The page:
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Explaining the Japan–Australia security relationship: it’s complicated…

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International Affairs Blog, with Tomohiko Satake, 13 July, 2018

During the Cold War, Japan defined its security policy by the Yoshida Doctrine — maintaining a low profile security posture while relying on the United States for protection based on the US–Japan Security Treaty. There was little appetite within Japan’s government or military for military-to-military relationships with other regional states. Yet the past three decades have seen a steady diversification of Japanese security partnerships, including with South Korea, Australia and India as well as with some ASEAN and European countries. Notably, these relationships were not meant to replace the still-dominant security reliance on the US–Japan alliance, but instead were part of a strategy — carried out in tandem with the US — which saw the two states moving away from its strict bilateralism to what Michael J. Green calls ‘federated capabilities’.

The case of Japan and Australia — a ‘quasi-alliance’?

In our recent article for International Affairs, we looked specifically at this rapid diversification of Japanese security partnerships from the perspective of Japan–Australia security cooperation in both the bilateral and multilateral contexts, including the US and China. First of all, it was apparent that while some referred to Japan–Australia relations as ‘quasi-alliances’, they were not, in fact, alliances at all, but merely examples of what Thomas Wilkins called‘alignment’. While these groupings have systematically set about developing ‘alliance-like’ characteristics — such as military interoperability, strategic consultations and institutionalized intelligence-sharing — they have carefully avoided the primary ingredient of alliances: defence guarantees.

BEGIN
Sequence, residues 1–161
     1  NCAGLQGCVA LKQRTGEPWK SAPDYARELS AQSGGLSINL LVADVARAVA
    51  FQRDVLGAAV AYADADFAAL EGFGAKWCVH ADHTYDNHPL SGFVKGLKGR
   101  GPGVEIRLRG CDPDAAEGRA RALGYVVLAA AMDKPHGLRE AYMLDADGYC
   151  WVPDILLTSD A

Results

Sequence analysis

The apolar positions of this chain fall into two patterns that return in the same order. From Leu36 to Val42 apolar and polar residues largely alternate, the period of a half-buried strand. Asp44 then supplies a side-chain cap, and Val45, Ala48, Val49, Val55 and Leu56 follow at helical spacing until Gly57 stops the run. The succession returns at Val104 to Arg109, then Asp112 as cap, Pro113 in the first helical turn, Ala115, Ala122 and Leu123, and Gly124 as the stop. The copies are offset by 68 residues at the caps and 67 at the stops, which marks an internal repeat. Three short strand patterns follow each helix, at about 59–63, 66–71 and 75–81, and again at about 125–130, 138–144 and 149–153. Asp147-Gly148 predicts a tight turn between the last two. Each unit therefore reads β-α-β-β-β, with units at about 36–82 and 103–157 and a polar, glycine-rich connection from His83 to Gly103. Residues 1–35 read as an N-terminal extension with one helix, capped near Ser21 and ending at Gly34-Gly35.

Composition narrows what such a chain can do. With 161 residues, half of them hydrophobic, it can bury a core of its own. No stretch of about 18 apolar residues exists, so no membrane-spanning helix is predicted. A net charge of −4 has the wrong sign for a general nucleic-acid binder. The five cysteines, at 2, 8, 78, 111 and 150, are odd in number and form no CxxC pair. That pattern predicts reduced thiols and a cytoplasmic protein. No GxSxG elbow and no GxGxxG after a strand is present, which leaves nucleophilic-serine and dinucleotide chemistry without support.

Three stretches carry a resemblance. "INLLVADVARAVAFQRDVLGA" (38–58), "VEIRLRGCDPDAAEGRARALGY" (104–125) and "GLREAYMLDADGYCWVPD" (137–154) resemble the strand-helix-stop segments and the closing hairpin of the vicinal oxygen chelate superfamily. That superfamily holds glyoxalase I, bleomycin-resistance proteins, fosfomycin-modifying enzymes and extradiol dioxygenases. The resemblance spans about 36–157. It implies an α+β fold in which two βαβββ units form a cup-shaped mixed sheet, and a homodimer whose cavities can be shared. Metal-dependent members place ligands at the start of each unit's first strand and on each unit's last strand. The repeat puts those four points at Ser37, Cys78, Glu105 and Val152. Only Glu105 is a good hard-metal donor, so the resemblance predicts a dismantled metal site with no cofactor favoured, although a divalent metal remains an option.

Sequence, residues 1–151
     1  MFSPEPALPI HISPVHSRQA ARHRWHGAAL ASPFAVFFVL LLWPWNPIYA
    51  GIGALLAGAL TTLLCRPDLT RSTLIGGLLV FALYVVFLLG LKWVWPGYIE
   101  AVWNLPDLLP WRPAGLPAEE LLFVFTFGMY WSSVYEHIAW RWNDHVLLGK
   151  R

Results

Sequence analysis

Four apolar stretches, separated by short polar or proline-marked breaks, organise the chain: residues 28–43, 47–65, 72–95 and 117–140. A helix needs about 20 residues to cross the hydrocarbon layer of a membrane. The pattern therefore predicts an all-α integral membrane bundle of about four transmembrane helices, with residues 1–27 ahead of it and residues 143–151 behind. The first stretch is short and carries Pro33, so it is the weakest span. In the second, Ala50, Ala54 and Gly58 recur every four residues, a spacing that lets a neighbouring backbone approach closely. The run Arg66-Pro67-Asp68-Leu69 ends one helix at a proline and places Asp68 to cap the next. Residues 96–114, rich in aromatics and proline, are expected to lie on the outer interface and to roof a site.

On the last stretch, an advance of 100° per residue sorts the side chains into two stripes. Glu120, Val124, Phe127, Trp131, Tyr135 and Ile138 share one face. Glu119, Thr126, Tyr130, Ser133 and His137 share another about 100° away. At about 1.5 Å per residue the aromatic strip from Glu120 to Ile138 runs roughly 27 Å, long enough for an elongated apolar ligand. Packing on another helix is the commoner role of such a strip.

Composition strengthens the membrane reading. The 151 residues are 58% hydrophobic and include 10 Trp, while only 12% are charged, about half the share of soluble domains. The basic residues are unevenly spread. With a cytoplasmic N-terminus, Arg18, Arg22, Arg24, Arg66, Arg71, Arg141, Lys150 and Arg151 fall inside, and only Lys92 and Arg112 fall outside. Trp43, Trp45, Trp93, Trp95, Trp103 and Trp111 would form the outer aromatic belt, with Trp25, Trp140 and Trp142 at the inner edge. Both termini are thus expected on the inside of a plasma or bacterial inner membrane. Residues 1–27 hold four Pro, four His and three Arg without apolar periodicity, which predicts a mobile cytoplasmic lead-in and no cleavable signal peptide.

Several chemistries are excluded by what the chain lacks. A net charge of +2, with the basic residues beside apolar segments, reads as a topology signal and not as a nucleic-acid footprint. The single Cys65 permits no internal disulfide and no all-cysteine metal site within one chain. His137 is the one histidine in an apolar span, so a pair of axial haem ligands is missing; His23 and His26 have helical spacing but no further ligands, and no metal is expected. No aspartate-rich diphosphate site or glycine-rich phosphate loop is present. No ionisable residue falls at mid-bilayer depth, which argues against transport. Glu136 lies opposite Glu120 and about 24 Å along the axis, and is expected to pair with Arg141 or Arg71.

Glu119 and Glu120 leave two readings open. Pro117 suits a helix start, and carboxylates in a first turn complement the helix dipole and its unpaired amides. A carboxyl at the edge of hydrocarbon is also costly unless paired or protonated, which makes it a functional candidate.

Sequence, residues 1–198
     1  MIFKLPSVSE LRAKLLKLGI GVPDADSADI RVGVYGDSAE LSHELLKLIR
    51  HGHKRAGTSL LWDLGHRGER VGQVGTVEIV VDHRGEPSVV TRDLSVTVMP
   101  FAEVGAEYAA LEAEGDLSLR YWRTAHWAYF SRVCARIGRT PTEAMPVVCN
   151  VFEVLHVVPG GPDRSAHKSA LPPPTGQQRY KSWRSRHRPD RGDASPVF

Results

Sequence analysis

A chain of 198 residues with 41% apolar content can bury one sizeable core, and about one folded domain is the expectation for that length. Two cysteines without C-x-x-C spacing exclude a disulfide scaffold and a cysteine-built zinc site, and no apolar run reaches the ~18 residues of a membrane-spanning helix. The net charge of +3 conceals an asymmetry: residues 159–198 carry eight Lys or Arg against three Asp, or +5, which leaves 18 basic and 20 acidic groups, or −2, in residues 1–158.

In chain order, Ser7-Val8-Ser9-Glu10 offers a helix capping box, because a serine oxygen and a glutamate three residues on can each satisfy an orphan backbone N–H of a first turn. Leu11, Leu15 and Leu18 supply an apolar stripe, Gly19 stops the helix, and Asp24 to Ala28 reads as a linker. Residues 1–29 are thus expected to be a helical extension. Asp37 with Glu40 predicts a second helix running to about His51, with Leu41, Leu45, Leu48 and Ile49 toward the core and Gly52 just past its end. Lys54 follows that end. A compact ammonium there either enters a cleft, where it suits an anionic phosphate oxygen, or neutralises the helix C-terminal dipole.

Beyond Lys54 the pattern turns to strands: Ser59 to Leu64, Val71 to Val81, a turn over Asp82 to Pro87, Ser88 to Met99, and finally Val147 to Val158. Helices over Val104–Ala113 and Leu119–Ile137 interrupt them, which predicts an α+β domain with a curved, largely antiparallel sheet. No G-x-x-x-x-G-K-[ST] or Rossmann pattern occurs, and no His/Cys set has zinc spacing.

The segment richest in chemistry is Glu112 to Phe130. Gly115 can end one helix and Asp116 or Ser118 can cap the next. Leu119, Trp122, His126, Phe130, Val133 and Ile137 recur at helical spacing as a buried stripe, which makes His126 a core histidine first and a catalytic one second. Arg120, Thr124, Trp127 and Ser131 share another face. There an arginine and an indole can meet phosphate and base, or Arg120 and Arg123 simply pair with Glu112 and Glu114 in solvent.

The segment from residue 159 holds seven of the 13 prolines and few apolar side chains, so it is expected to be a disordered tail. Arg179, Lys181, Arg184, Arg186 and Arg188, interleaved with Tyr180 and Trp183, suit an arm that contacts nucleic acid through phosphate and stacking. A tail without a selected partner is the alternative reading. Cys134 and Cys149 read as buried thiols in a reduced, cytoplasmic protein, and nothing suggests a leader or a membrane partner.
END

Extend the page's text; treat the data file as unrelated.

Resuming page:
We asked why political leaders in Tokyo and Canberra went to the trouble of developing such complex security relationships — one need only look at the general security of information agreement (GSOMIA) and the acquisition and cross-servicing agreement (ACSA), for example — while simultaneously avoiding the primary benefit of a formal alliance commitment to each other? Neo-realist theory would have us believe that as authoritarian China rose in the region and expanded its military hard power capabilities across the maritime space and trade routes of both states, Australia and Japan would either balance Beijing’s ambitions or bandwagon behind them. However, the actual record is more complex and sees political leaders adopting elements of both strategies. At times, Australia and Japan developed very close ties and seemed on the verge of committing to the relationship — as when Prime Minister John Howard offered Prime Minister Shinzo Abe a security treaty in 2007 or when, in 2015, both Prime Minister Tony Abbott and Prime Minister Abe began promoting a submarine deal in strategic terms, labelling theirs a ‘special relationship’. Subsequently, however, caution seemed to reassert itself in both cases and domestic factors inside both countries halted further progress.